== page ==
Ten years ago Marianist Sr. Leanne Jablonski experienced a “face to face” epiphany about the realities of climate change. She was teaching at Chaminade University of Honolulu, one of her religious community’s schools.
“We already knew the ice was melting,” recalled Jablonski, who holds a doctorate in global climate change and plant physiological ecology from McGill University in Montreal.
One day Yumi, a student from a small Pacific island, told the class that her people were beginning to feel the effects of climate problems. The ocean was rising, and a growing trash buildup was ruining their sustainable fishing business.
“What are you going to do about it?” Yumi challenged her professor. “Move us somewhere else and ship us bottled water?”
“My heart was struck,” said Jablonski, for whom Yumi’s questions still linger, especially the first.
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Today, Jablonski has a large platform for searching out such answers. She directs the Marianist Environmental Education Center at Mount Saint John, in Dayton, Ohio, and is an active member of the Cincinnati archdiocese’s climate change task force.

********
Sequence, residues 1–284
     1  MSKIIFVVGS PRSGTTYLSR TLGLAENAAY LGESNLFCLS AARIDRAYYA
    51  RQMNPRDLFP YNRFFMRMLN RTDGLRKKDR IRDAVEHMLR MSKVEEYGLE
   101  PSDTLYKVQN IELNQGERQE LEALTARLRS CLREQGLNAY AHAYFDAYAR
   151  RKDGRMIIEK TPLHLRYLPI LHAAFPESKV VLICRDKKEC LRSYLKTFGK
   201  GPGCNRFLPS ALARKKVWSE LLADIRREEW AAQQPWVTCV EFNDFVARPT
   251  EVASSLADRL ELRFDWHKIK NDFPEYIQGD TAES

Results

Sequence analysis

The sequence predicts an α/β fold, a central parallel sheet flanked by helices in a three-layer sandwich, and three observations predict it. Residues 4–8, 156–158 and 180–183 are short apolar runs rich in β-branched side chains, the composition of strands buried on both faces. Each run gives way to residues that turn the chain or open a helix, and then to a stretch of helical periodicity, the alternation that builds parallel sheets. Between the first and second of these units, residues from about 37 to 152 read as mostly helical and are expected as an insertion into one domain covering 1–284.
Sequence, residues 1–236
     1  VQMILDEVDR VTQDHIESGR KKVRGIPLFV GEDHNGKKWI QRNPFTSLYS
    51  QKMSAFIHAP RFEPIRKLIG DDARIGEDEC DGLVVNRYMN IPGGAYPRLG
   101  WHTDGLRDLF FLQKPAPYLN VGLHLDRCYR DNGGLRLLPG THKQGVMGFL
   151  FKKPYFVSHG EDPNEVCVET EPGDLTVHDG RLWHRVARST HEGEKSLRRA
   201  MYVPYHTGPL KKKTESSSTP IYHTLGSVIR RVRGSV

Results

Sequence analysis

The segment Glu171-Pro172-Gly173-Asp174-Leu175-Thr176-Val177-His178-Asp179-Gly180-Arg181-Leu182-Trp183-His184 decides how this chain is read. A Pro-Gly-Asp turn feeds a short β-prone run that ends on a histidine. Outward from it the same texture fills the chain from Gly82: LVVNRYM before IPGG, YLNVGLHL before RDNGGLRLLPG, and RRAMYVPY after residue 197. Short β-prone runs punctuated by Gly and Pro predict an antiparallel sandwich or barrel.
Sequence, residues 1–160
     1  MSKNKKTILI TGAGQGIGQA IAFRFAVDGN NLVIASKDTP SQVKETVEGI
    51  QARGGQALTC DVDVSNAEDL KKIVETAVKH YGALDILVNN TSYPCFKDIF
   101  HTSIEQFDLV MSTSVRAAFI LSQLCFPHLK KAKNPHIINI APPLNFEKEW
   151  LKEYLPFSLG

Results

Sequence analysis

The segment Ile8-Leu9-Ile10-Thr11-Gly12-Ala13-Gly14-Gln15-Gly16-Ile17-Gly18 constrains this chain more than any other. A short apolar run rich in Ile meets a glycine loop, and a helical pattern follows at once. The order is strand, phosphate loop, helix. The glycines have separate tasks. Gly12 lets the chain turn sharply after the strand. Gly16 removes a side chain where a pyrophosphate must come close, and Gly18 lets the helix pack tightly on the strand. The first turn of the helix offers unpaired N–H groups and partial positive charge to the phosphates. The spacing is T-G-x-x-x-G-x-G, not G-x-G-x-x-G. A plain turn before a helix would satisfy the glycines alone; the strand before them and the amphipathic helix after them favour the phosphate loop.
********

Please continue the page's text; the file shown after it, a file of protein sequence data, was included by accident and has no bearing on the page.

In addition, she is an adjunct professor at the University of Dayton, where she coordinates a freshman program in religious studies and environmental sustainability. The school, which announced in June it would divest from fossil fuels, recently received a $12.5 million grant to expand sustainability education across academic disciplines.
Jablonski’s expertise and connections led the Catholic Climate Covenant to name her as Ohio coordinator for a new public advocacy grassroots effort aimed at teaching Catholics how to promote key church principles on climate and the environment.
Dan Misleh, the Covenant’s executive director, told NCR that the program has offered teleconferences to teach how to generate letters to the editor and op-ed articles regarding climate change and fossil fuels. The primary focus, he said, has been promoting the U.S. Catholic bishops’ support for the U.S. Environmental Protection Agency to create carbon limits for existing power plants, and urging readers to comment before Dec. 1 on EPA’s proposed rules. The Covenant has scheduled about a dozen events this fall educating about the rules at Catholic universities and colleges, including one at Saint Louis University on Sept. 24.
More than 25 people participated in Jablonski’s media trainings last month and an additional 15 asked for additional information. Letters to the editor have appeared in recent weeks in the Cleveland Plain Dealer and the Dayton Daily News.
As part of Jablonski’s Covenant assignment, she is helping Catholics organize events and activities around the organization’s 2014 Feast of St. Francis initiative, which is themed “Creating a Climate of Solidarity: From St. Francis to Pope Francis to You.”
“We are praying for courage and the Spirit’s inspiration in our learning and assessing and advocating – to reduce our use of energy – in our homes and congregations and advocating for public policies that reduce our reliance on fossil fuels," Jablonski said.